Game Salute styles itself as a new kind of publisher, one that does much more than handle marketing and fulfillment (fulfillment meaning "getting the game out to customers", from receiving, to warehousing, secure storage, picking, packing, shipping, tracking, sales to stores globally and customer service).
Among the flexible services they offer are solutions for other publishers, and, intriguingly, managing Kickstarter campaigns, boasting such success stories as Alien Frontiers, as well as unique titles ranging from Chicken Caesar to Pixel Lincoln.
It was started as a response to the many pain points its CEO Dan Yarrington saw in the board game industry. To find out how the cure compares with the disease, we sent Actual Journalist Mark Wallace off to have a good long chat with Yarrington, and he came back (from a phone call, not from New Hampshire) with this exciting and informative Q&A!
Paul: Yes, yes, we have a seventh podcast for you, for all of you, even you there, at the back. Please form an orderly queue here and pick up your free copy.
In this podcast we bounce from topic to topic like kangaroos on trampolines in an earthquake, touching on the glorious Galaxy Trucker, the wicked Revolver 2, the svelte Netrunner and the august Augustus. We also slip a slimy tentacle into our mailbag and see which of your questions adhere best to our mucus-coated membranes, answering queries on topics from Cosmic Encounter to Mice & Mystics.*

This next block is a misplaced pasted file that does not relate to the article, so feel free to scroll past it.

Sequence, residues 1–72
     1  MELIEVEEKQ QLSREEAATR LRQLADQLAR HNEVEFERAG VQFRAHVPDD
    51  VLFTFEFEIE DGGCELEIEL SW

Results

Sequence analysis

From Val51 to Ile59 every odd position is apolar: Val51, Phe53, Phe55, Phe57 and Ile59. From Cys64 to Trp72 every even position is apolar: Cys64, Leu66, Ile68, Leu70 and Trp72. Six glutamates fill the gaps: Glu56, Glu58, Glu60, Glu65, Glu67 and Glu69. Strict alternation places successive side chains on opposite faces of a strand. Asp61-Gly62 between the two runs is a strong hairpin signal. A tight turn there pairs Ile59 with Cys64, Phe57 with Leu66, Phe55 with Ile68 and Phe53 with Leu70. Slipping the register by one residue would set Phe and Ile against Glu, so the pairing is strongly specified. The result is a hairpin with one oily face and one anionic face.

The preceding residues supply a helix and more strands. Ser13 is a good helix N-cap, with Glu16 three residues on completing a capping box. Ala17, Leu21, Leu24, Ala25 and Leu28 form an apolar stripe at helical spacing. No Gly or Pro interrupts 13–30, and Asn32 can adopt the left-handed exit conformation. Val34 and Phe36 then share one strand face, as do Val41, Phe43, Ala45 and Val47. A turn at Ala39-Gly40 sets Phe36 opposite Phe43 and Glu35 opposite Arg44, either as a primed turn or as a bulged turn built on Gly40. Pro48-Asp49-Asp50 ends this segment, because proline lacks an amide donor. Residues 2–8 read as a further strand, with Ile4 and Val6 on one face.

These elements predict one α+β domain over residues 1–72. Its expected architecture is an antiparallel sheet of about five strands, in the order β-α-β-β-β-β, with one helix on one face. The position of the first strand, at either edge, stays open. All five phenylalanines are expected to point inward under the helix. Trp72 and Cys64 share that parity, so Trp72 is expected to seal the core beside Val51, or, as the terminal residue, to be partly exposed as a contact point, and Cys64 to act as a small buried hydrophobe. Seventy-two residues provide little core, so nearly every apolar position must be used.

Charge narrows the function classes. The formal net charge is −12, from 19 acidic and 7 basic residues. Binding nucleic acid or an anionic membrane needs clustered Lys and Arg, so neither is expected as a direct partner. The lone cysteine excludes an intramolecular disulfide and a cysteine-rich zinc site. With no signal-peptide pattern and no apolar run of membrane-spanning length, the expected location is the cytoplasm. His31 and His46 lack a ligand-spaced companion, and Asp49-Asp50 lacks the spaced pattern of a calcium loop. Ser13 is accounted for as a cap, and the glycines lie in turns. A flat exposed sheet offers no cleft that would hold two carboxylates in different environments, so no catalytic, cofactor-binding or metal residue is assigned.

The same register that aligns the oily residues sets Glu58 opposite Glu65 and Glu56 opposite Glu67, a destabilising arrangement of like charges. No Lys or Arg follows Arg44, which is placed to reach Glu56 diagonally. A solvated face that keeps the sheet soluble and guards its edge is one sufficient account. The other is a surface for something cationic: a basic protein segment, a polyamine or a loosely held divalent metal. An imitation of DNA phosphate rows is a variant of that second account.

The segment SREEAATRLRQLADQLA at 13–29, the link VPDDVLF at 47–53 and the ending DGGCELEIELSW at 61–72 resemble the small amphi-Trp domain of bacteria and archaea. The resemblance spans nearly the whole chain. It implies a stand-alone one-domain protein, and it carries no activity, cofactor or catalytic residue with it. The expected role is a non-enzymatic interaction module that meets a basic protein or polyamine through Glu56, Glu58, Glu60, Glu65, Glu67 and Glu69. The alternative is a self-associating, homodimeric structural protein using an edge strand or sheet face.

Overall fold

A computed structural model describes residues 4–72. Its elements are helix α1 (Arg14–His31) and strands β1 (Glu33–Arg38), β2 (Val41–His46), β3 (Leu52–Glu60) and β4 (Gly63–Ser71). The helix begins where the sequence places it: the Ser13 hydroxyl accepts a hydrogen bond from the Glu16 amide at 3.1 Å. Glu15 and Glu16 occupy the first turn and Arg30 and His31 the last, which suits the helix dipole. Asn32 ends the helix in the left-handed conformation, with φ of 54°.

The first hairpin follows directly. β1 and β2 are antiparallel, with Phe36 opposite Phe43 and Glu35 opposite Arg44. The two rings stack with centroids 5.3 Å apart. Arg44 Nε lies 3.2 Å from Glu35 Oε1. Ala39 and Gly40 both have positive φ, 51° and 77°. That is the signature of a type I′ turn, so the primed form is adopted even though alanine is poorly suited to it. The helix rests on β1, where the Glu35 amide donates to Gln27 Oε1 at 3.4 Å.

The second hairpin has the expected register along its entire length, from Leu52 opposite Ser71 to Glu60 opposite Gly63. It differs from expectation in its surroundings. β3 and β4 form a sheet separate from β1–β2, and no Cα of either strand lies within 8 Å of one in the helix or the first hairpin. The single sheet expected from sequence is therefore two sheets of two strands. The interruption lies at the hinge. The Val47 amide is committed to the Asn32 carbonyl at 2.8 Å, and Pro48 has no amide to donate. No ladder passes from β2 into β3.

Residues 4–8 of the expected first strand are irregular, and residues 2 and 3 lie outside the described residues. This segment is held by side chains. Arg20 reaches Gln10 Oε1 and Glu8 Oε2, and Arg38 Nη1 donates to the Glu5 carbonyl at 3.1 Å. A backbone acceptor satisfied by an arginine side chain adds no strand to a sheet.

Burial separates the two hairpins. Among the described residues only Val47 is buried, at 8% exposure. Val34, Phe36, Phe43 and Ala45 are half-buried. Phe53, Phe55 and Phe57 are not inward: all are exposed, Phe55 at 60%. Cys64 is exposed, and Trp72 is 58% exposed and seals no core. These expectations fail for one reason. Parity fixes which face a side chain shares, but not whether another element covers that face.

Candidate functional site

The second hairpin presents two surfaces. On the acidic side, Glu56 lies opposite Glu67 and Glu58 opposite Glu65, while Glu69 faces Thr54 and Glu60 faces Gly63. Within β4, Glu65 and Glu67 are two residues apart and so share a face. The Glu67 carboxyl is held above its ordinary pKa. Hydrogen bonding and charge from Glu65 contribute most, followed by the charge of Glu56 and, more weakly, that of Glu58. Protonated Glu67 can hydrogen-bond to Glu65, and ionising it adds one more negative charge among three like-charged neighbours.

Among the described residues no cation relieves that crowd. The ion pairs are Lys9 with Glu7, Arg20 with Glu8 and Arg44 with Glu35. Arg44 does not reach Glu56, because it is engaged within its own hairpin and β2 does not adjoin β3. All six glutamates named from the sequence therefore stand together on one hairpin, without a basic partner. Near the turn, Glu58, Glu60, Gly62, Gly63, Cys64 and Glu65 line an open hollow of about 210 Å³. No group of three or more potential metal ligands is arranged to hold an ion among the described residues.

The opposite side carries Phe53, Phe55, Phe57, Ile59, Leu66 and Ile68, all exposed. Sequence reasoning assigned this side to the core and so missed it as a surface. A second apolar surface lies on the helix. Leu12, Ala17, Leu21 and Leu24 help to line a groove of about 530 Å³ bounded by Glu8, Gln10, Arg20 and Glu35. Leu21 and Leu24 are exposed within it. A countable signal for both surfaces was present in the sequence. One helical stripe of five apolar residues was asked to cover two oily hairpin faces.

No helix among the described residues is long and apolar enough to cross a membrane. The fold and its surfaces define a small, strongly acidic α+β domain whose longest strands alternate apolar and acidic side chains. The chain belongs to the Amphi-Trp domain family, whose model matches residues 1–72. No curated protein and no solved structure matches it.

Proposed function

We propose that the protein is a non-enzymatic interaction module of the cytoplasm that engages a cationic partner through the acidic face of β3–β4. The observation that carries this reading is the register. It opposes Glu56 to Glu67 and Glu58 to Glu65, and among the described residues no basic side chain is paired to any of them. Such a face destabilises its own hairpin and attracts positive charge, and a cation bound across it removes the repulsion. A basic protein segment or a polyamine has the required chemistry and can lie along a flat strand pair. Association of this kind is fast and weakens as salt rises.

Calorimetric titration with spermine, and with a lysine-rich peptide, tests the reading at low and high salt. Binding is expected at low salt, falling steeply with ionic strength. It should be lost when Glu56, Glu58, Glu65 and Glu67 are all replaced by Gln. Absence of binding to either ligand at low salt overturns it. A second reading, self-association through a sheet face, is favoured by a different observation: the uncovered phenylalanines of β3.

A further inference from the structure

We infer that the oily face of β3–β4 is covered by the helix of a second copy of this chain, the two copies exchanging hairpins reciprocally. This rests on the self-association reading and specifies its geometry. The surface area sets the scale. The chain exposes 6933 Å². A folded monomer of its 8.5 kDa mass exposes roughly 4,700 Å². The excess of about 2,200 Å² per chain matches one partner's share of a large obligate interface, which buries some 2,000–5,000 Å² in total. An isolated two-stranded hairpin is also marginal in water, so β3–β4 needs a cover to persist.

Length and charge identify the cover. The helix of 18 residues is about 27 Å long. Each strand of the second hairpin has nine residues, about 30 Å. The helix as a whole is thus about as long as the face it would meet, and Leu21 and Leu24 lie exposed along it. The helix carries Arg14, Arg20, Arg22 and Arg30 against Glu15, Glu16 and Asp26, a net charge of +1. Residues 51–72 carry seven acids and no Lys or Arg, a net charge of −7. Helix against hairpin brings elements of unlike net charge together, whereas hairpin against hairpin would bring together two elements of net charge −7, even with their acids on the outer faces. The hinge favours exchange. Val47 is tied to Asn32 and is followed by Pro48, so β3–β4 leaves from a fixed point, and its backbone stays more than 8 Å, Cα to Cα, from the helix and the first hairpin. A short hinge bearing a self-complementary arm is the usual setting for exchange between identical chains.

We also invite special guest Leigh Alexander on, to talk about why indie RPGs are so interesting and how we ended up roleplaying an inappropriate, awkward and surprisingly supernatural sexual encounter.** Is there any other podcast like this anywhere out there? You already know the answer to that.
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Just imagine. You and another 1 to 3 of your friends rolling dice together, racing to complete recipes against the clock. Spending money between "days" to buy new recipes. Arguing as Paul fails to collect enough tips. Again. If you have a friend called Paul.
"Warning," the Kickstarter quips. "Wok Star may well result in high fives." Well, that's me sold. You'd better believe we'll be bringing you the earliest possible review.
But that's not all! This video comes packed with a tiny little Let's Play of Jazz: The Singing Card Game, as well as the second ever instalment of Board Games With Brendan and a tiny cameo from Guts of Glory. Hot beans.
How's everyone finding the videos-every-Friday thing? We're having fun with it. It just feels correct, somehow.
Oh, and for everyone who misses our full episodes, you'll have something to be very happy about at the end of the month. ...What could it be, do you think?
I want to talk about card games. Not the pre-boxed ones we've been reviewing for years, though- I mean games you can play with an ordinary deck of playing cards, the kind that magically appears in your house when you hit 40 along with a bath salts and a printer.
We've been sent a copy of Decktet, you see, as well as this official book of Decktet games. This is a whole-new set of playing cards that appear to offer more complexity, colour and flexibility. We are INTRIGUED, but to put it through its paces we're going to need Your Help.